Thursday, September 4, 2008

The Magic of Literature

Thank you for your baby name advice! As suggested, I will use the Internet to peruse name lists. This is a decision definitely worth some research. I don't want to have any misgivings.

In early August I wrote a post about reading to toddlers. A few months before writing it, I'd begun putting Emily in her crib for storytimes. Prior to that, she just wouldn't stay on my lap or attend to any book for very long. I felt like she wasn't getting enough literature.

When we first started the crib reading, I had to read one book while giving her another to manipulate. I guessed that she was an auditory and kinesthetic learner. Sure enough, I discovered that she was still attending to the text, even though she wasn't always looking at the book I was reading.

Starting a few weeks ago, she no longer needed or wanted to have a book in her hand while I read. She started attending to each page, without losing concentration. Now when I finish, she takes the book from me and goes through each page, wanting me to name all the pictured objects. Since she is still mostly non-verbal, this is her way of reading it back to me, I suppose.

Her receptive language is well developed. She'll point to any picture we name in any of her books, as well as to her body parts and toys around the room. She's been following one or two-step commands for a while. But her expressive language is slow in coming. She seems to have immature control over her tongue and lips, despite having no bottle and no prolonged binky use. All my children and their cousins began experiencing speech success around two years old, with one cousin needing until three. So far, no one in the family has needed a speech therapist. I hope that will also be the case for Emily; I'm watching her closely and the pediatrician seems unconcerned.

The increase in exposure to literature (about 6-12 board books per day) has really paid off! She now associates books with pleasure and last week started bringing us books during the day, and actually sits on our laps for them! She is also pulling books off of shelves, and sitting down and looking at them on her own. Despite the mess and that bending my pregnant body down to pick things up is getting uncomfortable, I'm absolutely thrilled at her interest!

Time and time again, though working with different children, it has been proven to me that it's the books themselves that do the magic. Our job is just to expose our kids to several or more books a day, reading them with obvious pleasure, using any method that works. Gradually, the child starts associating books with pleasure, and then, a book lover is born!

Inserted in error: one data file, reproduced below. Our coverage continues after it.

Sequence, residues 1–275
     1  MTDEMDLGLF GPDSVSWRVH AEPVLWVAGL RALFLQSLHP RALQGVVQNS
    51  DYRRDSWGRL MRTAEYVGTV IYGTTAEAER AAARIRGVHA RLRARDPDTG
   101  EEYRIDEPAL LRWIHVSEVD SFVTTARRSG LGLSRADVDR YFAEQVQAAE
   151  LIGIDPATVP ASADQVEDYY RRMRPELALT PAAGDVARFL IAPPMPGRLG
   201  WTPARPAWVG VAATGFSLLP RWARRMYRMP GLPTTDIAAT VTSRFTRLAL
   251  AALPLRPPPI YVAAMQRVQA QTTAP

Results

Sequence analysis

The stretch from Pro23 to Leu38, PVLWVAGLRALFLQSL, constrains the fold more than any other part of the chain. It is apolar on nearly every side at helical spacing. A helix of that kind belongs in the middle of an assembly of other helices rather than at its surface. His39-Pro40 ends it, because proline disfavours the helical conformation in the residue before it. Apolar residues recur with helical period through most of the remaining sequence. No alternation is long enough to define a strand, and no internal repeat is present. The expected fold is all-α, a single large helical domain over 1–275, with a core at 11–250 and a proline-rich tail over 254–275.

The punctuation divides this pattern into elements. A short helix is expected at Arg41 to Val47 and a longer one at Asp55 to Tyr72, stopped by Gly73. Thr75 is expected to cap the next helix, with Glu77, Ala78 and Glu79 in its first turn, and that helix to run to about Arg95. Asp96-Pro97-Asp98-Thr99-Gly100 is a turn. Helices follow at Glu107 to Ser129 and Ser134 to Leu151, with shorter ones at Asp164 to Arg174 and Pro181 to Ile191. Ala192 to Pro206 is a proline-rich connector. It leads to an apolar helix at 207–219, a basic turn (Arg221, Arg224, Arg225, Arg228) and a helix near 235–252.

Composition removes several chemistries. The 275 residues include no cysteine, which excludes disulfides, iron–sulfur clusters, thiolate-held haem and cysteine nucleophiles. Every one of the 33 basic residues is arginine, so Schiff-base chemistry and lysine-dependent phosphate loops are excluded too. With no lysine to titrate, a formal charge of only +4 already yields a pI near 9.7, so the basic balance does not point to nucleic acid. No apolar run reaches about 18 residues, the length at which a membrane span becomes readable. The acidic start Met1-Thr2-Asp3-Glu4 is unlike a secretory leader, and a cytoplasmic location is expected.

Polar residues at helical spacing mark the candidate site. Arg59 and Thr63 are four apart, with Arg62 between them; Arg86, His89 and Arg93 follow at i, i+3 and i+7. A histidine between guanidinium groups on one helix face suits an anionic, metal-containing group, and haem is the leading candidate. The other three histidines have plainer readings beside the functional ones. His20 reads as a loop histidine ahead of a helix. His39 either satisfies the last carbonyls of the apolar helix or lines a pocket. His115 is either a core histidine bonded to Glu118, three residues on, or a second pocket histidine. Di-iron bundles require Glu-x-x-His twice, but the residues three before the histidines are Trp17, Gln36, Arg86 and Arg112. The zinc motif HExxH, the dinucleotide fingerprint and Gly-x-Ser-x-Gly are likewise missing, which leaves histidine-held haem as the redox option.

Books are amazing! They really are magical! I love their transforming power...their ability to delight, excite, entice.

2 comments:

Liz said...

True story -- we were at my daughter's 3 month checkup and I expressed my concern to the doc that Grace did not seem interested when we would read to her. The doctor looked at my husband and asked him if I was serious. I was. She calmly assured me that reading to her was wonderful, but it would take some time for her to learn to actually enjoy the process. I LOVE reading so much and I couldn't bare the thought that my child would not enjoy it too. Well, at 9 months my dear daughter began to crawl and her motivation was to get to a basket of books that I kept moving just a bit further away from her. When she finally reached the basket she dumped them all out on the floor to select her favorite. My heart smiled that day. She recently turned 6 and just started kindergarten and she's on the brink of reading. She spends hours each day with books. Either with us reading to her or just sitting by herself and turning the pages, looking at pictures and telling herself the stories. Each night she goes to bed with books and a flashlight. I am thrilled. I may have been a bit overzealous with reading to my newborn, but in the end she loves books and I'm confident she will be a great reader.

Hey Pam, thanks also for the recent post detailing how kids learn to read in different ways. That was helpful to me.

Fern said...

I LOVE reading. It was such an escape for me when I was a child, and now when I get a chance to read it is so relaxing.

Helena is almost 22 months, and her language has only taken off since the beginning of July. Before that she said *maybe* 10 words... hi, bye bye, baba (for pacifier), kids, mama, dada, kitty... and that was about it. Now she picks up a bunch of new words each day. This was later than my other kids had their big vocabulary explosions, but she does have three older chatterboxes to compete with. I had been a little nervous, but she has caught up so quickly and says hundreds of words now. (Just to give you another point of comparison for Emily. I bet it's the same -- she has the boys around all day, so she is probably just taking things in and her language will suddenly explode too.)